Sometimes we want to gather data about embarrassing, socially questionable or illegal behaviours, where people may not feel comfortable telling the truth. In this problem, we explore one way of tackling this.
A survey company wants to find out what proportion (or percentage) of people brush their teeth every day.
|Do you brush your teeth every day?
Tick your answer:
Yes ____ No _____
Why might this be an ineffective survey question?
The survey company decides to try something different. They give the interviewee a fair 6-sided die and ask them to roll it without showing the interviewer.
They then ask the following question, explaining that the interviewer will not be able to know whether or not their answer is honest:
|If you rolled a 5 or 6, please answer the next question honestly, otherwise please LIE.
Do you brush your teeth every day?
Yes ____ No _____
- Will this allow the survey company to work out the approximate proportion of people who brush their teeth every day?
You could try this case: the company surveys 1200 people; 500 answer "Yes" and 700 answer "No".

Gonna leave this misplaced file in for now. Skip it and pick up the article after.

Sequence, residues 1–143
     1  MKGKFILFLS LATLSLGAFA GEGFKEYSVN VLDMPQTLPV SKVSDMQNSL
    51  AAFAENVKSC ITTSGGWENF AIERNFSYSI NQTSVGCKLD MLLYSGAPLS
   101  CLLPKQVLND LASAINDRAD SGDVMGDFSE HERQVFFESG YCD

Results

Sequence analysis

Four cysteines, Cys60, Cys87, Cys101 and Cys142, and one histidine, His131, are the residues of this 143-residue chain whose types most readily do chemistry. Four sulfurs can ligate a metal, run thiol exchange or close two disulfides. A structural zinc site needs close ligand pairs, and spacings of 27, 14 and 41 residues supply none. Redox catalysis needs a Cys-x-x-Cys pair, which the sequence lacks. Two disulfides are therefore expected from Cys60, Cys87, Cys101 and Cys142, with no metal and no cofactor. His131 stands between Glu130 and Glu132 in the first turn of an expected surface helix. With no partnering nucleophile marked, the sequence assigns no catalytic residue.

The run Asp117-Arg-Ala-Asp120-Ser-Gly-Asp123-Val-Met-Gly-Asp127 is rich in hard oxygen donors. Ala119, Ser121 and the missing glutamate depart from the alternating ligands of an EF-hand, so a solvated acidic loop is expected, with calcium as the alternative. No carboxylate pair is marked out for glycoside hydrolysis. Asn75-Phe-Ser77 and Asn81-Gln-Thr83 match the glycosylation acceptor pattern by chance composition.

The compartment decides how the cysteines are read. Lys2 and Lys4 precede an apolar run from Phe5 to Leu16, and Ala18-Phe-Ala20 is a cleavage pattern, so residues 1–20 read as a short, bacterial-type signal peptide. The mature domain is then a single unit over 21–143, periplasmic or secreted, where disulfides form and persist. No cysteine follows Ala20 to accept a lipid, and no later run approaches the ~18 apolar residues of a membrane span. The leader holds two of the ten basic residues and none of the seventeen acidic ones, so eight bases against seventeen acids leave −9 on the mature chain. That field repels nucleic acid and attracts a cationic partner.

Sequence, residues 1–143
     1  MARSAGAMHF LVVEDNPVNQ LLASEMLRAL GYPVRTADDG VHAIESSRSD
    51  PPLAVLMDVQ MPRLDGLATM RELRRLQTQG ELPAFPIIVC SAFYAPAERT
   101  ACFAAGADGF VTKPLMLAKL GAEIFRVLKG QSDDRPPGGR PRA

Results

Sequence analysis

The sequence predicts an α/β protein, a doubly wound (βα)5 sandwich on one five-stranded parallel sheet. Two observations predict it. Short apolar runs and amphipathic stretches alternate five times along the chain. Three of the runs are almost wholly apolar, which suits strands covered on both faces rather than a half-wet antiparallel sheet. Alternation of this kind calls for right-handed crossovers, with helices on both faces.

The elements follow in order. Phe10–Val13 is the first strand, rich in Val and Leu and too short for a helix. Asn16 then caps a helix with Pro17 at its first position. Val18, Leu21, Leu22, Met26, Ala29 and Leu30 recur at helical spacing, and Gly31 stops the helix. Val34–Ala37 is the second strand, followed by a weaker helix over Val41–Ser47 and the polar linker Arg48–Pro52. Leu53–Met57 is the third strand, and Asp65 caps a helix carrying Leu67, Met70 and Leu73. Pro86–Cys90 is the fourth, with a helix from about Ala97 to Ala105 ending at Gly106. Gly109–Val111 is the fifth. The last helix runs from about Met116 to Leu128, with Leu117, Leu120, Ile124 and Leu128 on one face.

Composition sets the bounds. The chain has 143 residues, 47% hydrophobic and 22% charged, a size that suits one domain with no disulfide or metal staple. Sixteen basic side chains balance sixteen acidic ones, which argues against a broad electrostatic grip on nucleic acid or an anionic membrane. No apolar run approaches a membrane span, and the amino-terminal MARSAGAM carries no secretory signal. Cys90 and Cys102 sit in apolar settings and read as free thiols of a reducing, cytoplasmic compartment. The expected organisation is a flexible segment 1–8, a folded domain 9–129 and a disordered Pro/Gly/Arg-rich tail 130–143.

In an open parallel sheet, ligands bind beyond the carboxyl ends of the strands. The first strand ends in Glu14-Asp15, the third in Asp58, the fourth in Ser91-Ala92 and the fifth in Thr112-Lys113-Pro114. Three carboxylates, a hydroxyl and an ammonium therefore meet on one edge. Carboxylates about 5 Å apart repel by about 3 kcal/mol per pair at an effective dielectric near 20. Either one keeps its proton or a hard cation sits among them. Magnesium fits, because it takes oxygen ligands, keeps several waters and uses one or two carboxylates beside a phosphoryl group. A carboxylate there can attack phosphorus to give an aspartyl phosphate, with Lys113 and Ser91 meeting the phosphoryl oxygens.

- What would be different if the question read: "If you rolled a 6, please answer the next question honestly..."?
- What would be different if the question read: "Secretly flip a coin. If you got heads, please answer the next question honestly, otherwise please LIE"?
- How effective do you think this method would be? How could you work it out?
This is just one approach to obtaining data about difficult topics. There are many other approaches used by professional statisticians, including the Capture-Recapture method explored in Counting Fish
, where different types of survey or other data sources are compared to try to fill in gaps and to improve the quality of the collected data.
This resource is part of the collection Statistics - Maths of Real Life